EDW’s AGM validated that the strategy sessions held in 2016 and early 2017 were having the intended effect. I reiterated the mayor’s recent decision to have EDW lead an on-demand business advisory team comprised of industry and public-policy experts whose membership would change depending on the issue at hand. And with respect to the province, I made mention of the new alignment that will see EDW mirror the province’s five sectors of focus: aerospace, advanced manufacturing, agribusiness, ICT and digital new media. Unlike EDW’s past approach, which championed 10 key sectors, our limited resources can’t continue to be spread too thin. These five sectors, together with promoting tourism to our city, represent the greatest potential to move the economic needle in a positive direction.  

Capping off the formal proceedings following my remarks, both Mayor Brian Bowman and Growth, Enterprise and Trade Minister Cliff Cullen joined me on stage to take part in a panel discussion moderated by entrepreneur extraordinaire Michael Legary. We covered considerable ground in a short time, but the subtext was clear: the three of us—and the entities we represent (i.e., the city, the province and Winnipeg’s leading economic development agency)—are working together in a way that hasn’t happened in this city for a long, long time.

What does this mean for EDW? Ultimately, it means we need to deliver like never before. We need to be the boots on the ground. We need to support consequential economic development in key (not all) areas. And we need to anticipate challenges and propose solutions. The crux of how this will be accomplished lies in collecting, managing and sharing market intelligence with our stakeholders. To this end, a major internal initiative in recent months has been the complete overhaul of EDW’s institutional memory and current information-gathering practices. How we accumulate, categorize, store, retrieve and disseminate data is about to be transformed.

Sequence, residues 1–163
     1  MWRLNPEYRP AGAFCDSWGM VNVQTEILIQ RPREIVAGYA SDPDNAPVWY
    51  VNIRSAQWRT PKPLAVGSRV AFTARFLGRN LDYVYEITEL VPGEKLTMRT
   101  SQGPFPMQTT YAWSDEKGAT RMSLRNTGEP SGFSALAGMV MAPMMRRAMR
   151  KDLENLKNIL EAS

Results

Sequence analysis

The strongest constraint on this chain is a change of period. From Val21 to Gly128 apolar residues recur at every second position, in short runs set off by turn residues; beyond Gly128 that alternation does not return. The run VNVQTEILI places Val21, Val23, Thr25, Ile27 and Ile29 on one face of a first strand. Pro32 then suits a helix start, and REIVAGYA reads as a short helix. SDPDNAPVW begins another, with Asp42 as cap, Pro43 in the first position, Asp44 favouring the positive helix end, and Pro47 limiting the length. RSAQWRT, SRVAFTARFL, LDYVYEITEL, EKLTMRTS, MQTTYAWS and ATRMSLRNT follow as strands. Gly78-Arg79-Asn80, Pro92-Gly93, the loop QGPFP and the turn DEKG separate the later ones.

EDW is set to begin working in a whole new way that will exponentially improve its ability to be resourceful, relevant and responsive. Truth be told, this wasn’t the most exciting project with which I’ve been associated, but its critical importance to the future success of EDW was clear to me at the outset and only became clearer as the weeks and months progressed. Winnipeggers will increasingly begin to take note of EDW’s efforts, and a big reason why is rooted within this admittedly unglamorous pursuit.

No other public or private entity working within the economic development space in the city—or the province, for that matter—is as equipped or as capable as EDW to serve in this capacity. With expertise stemming from interactions with businesses operating in multiple areas of the local economy through our YES! Winnipeg and Tourism Winnipeg sales groups, as well as from the detailed, up-to-date information gathered by our market intelligence group, EDW can now embrace a responsibility it arguably should have accepted years ago.

But that was then, and this is now. Given the new spirit of co-operation, I believe the time is right for EDW to help facilitate important windfalls for our city and province in the coming years.


Dayna Spiring
President & CEO
Economic Development Winnipeg Inc.